Naira Depreciates, Breaks Resistance FX Rate
Naira Notes

Naira Depreciates, Breaks Resistance FX Rate

The Nigerian naira depreciated steeply after a huge foreign currency outflow from the nation’s external reserves dragged the gross position lower. Exchange rate printed above N463, a level it has not crossed since 2017 when the apex bank introduced the Investors and Exporters FX window.

The key downside to an improved exchange rate includes a dearth of foreign currency inflow while rising import bills continue to impact gross foreign reserves. Analysts said sustained FX outflow continues to threaten the apex bank’s buffer for supporting the local currency from freefalling.

Today, the FX demand level on the price chart exceeds foreign currency supply across all the sources – with weak inflow from foreign portfolio investors, low remittance and inflows from exporters among others.

During the trading session, the exchange rate crossed to N465 at the official window, and back down later in the day to N463.50 at the investors’ and exporters’ foreign exchange (FX) window.

The open indicative rate closed at N461.80 to the US dollar. A spot exchange rate of N466 was used for trading within the day before demand pressures moderated, and the FX rate improved. A total turnover of US$ 175.40 million was traded at the official Investors’ and Exporters’ window.

In the first quarter, the exchange rate has stayed around N462 while the market looks towards a depreciation that will close the gap between official and parallel market rates. In 2022, exchange rate declined by 11%. Naira Lost 11% as Banks Issue New Update on FX Spending

Nigeria’s gross external reserves plunged to $35.5 billion, according to data from the apex bank. This translates to about 4% decline in the first three months of the year.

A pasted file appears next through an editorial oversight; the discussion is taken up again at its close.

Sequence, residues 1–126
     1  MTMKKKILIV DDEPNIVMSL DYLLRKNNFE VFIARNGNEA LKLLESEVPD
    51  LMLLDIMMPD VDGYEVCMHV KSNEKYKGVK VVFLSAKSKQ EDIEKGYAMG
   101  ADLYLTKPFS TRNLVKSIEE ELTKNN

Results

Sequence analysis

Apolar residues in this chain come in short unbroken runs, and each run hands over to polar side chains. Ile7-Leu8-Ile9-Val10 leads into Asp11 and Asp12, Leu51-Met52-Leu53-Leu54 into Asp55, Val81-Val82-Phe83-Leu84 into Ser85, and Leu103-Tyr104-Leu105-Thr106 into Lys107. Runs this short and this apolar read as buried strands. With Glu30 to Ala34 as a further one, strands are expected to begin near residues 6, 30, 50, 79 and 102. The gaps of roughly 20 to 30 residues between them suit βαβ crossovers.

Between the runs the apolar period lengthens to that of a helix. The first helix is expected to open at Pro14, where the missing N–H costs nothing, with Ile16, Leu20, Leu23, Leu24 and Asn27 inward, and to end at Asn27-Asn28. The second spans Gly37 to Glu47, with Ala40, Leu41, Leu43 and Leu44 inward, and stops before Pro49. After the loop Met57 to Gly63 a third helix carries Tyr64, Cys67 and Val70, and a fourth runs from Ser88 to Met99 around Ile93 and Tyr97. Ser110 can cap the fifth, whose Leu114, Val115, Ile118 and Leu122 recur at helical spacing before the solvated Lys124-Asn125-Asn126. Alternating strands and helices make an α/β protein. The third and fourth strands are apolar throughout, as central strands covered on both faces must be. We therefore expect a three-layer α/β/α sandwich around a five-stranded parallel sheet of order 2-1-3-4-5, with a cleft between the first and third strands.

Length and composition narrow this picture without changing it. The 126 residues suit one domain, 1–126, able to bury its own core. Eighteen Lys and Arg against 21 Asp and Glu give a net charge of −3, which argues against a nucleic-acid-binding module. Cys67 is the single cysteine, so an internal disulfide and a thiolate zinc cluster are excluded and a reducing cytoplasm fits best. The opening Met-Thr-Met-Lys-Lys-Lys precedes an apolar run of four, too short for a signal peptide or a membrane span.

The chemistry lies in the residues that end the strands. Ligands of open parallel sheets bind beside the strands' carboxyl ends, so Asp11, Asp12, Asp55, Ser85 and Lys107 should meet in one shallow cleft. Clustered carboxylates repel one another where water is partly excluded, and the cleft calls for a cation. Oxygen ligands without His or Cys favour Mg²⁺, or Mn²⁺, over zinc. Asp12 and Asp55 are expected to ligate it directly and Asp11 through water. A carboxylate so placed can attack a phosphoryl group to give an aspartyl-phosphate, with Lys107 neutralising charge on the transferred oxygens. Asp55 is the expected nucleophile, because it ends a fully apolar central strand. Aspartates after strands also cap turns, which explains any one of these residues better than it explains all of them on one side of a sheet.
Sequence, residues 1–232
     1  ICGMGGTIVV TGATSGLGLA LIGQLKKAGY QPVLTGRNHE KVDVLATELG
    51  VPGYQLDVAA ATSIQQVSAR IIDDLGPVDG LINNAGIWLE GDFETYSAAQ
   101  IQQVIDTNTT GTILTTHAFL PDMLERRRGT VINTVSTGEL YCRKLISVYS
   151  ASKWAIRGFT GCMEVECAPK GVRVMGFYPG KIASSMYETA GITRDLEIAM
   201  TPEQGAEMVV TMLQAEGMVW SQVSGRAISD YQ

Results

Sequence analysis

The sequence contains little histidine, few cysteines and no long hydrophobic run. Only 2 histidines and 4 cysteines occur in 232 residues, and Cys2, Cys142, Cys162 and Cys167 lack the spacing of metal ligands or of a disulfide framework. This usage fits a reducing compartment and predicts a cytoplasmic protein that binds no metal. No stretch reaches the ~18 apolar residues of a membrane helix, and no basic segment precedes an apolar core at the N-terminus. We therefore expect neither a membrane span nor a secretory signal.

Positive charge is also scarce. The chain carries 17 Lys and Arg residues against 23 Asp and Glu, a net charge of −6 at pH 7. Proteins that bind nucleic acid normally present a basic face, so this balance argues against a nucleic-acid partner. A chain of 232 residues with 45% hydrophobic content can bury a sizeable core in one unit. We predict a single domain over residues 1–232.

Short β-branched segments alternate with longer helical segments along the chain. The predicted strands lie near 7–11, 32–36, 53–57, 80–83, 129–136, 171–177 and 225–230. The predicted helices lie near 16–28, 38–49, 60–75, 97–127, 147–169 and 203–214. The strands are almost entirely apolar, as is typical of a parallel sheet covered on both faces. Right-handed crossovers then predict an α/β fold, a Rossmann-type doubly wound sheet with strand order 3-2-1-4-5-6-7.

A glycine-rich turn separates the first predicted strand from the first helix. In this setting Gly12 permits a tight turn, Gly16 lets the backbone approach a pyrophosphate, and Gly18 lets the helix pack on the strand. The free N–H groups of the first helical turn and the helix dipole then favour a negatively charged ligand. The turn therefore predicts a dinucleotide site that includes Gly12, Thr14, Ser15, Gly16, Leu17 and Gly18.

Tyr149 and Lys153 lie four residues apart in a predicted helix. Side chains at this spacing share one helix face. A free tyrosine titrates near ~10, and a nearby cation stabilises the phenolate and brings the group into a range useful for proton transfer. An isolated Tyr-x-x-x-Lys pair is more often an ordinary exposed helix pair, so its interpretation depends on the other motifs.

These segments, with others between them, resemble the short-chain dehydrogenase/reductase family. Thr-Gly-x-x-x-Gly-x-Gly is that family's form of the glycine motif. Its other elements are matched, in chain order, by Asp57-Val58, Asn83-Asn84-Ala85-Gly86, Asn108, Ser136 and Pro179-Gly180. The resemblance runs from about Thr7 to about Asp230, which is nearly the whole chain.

After hitting the roof at the official market, the FX rate moderated to 0.5% to N463.50 per United States dollar at the Investors’ and Exporters’ FX window. This is its first break out in the financial year 2023.

On Friday, the Central Bank of Nigeria conducted a foreign exchange auction as part of its special market intervention to keep the local currency healthy against the United States dollar.

A bi-weekly retail auction was held for invincible foreign currency demand to settle offshore trade-related obligations. The result of the sale is expected this Friday.

Analysts said it is nearly impossible for the CBN to meet bids submitted at the auction, thus unsuccessful part of the FX request will be taken to the open market.

At the Investors and Exporters FX window, rates traded around ₦461-₦462 in the first quarter, as the market remains dominated by locals looking to fund their FX obligation.

At the parallel market, speculative buying dissipated, despite initial fears of the election effect. The exchange rate held steady at ₦755 – ₦765 throughout the first quarter. At the press time, the overall gross external reserves maintained a southward dive since the year started, closing the quarter with $35.57 billion.

Regarding the liquidity concerns in the FX market, analysts at Afrinvest suggest that the focus should be on addressing capital control policies and the multiplicity of the FX window, which have hindered the inflow of FX into the economy. # Naira Depreciates, Breaks Resistance FX Rate

Oando Gains 34% as Investors Target Acquisition Price